News

Espinosa retains lead in Palo Alto council $$ race

Donors have also favored Dykwel, Burt and Yeh

By raising $29,400, candidate and philanthropy executive Sid Espinosa has retained the monetary lead in the race for Palo Alto City Council, according to financial reports filed Thursday with the city.

Realtor Dan Dykwel, with $21,200 in cash contributions, has slipped ahead of Planning Commissioner Pat Burt, who has raised $18,100 as of Oct. 20.

In fourth place financially, Yiaway Yeh, a public management consultant, has received $15,000.

Thursday marked the second major reporting deadline for the Nov. 6 election, when Palo Alto voters will select four new members to the nine-person City Council.

In addition, Santa Clara County's two major partisan organizations have issued endorsements. The Santa Clara County Democratic Party has picked Burt, Dykwel, Espinosa and Yeh for the four seats. The county' s Republican Party of Silicon Valley has endorsed Mark Nadim, an engineer and real estate investor, and attorney Bill Ross.

The Republicans also reported spending $2,750 on mailings for Ross.

Espinosa collected $7,500 in cash between Sept. 23 and Oct. 20, the current reporting period.

Dykwel, who raised $7,580 during the 27-day reporting period, said he was "absolutely thrilled" with his fundraising efforts.

"I'm extremely appreciative to the community. As you can see we have it from a wide range of people," Dykwel said. "It's really heartwarming."

He also reported a $5,600 nonmonetary contribution -- his Web site -- from Alex Kaplinsky on Lytton Avenue and a $1,700 nonmonetary donation for the kick-off party from Mike and Loren Gordon on Maple Street.

Burt raised $4,250 during the reporting period and said he hopes to raise about $25,000 total.

"It allows us to voice a strong campaign, but not one that's dominated by money or special interests," Burt said Thursday.

He reiterated that he is only accepting contributions of $250 or less and not taking money from anyone, such as a union or political action committee, that might have an interest before the council.

Yeh collected $5,560 during the reporting period. Previously, nearly all of his contributions had been from out-of-the-area, but this statement showed more than $2,500 from Palo Alto residents.

And Yeh said he's raised even more money since the Oct. 20 close from Palo Altans.

"I'm encouraged definitely by the increasing number of Palo Altans that have donated to the campaign," he said.

He said the forums and coffees have given him an opportunity to connect with voters, but admitted that "it never gets comfortable asking for contributions."

Ross raised $10,600 this period for a total of $14,800 in monetary contributions during the campaign.

Excluding his own contributions, Ross raised $775 this period in Palo Alto. The bulk of his funds came from Southern California, including a $1,000 contribution from Democratic Congressman Xavier Becerra and $2,500 from a client, Yvonne Cummins.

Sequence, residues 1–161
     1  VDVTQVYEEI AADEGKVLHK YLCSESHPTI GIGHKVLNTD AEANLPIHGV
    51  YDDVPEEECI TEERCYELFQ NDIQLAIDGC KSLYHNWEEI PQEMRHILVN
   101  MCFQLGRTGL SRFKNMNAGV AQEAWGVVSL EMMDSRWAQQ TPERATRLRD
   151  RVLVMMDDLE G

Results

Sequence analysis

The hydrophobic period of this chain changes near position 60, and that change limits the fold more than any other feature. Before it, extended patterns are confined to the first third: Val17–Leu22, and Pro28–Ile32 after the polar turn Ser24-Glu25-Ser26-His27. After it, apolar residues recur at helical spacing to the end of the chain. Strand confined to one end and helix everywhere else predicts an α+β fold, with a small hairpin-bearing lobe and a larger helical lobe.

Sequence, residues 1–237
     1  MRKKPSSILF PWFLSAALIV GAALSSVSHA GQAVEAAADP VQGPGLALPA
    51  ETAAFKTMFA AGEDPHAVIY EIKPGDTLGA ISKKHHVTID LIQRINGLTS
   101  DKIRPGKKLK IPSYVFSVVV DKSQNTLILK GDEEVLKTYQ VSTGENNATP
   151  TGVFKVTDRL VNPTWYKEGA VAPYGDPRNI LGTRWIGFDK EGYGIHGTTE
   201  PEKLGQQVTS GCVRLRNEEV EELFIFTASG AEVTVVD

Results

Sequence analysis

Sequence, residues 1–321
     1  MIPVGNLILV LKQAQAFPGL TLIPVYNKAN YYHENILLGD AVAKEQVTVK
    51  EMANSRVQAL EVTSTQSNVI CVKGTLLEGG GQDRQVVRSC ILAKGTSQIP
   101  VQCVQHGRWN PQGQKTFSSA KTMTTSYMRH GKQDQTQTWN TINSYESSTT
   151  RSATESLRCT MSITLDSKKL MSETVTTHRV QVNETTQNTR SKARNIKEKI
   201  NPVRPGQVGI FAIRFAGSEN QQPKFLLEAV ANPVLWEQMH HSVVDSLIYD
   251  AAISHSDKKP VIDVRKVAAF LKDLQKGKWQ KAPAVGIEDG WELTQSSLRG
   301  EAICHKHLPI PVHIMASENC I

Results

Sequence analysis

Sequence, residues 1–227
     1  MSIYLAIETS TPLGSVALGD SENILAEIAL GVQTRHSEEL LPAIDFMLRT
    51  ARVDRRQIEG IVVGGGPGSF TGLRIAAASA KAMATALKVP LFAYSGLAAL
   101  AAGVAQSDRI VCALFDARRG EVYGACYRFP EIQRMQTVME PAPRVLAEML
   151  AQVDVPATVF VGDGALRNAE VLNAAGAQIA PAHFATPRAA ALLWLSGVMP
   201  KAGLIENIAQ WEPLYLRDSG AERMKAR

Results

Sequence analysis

Former school board candidate and economist Greg Schmid raised $6,400 in cash this period, for a total of $12,500.

Contributors include familiar Palo Alto names such as Councilman Jack Morton, Mayor Yoriko Kishimoto and school board members Mandy Lowell and Gail Price.

Tim Gray -- who turned in his statement out-of-breath three minutes before the 5:30 p.m. deadline -- reported raising $5,500 this campaign, from himself. Gray is not accepting contributions or endorsements.

He said he's spending his own money because "I felt if I'm going to enter I have to do a good-faith effort to tell my story."

Nadim reported raising $2,025 during the month-long period for a total of $5,400 this campaign. He said he is spending about three hours a day walking through Palo Alto neighborhoods.

"I think it's more effective (than advertising)," Nadim said. "It's just more work."

As of Thursday evening, candidates Donald "Smokey" Wallace, Stella Marinos and Victor Frost had not submitted campaign-finance statements.

The Los Angeles-based California Real Estate Political Action Committee (CREPAC), part of the California Association of Realtors and affiliated with the Silicon Valley Association of Realtors, contributed $500 each to Schmid, Espinosa and Nadim and $1,000 to Dykwel, who said he is a member.

Two union groups -- Cement Masons PAC, based in Sacramento and Santa Clara County, and San Benito Building and Construction Trades Council -- donated $200 and $300 respectively to Yeh and $200 and $500 respectively to Espinosa.

Yeh and Espinosa also received $250 contributions from the Bay Area Municipal Election Committee, a PAC that supports lesbian, gay, bisexual and transgender rights.

The California League of Conservation voters also donated $300 to Espinosa and Yeh.

Espinosa also reported a $250 donation from the California Apartment Association Tri-County Division.

Staff Writer Becky Trout can be e-mailed at btrout@paweekly.com.

Comments

Posted by lilymatha, a resident of Downtown North
on Jan 1, 2008 at 7:48 pm

Seems more and more groups or organizations support gayl, lesbian and bisexual. [Portion removed by Palo Alto Online staff].


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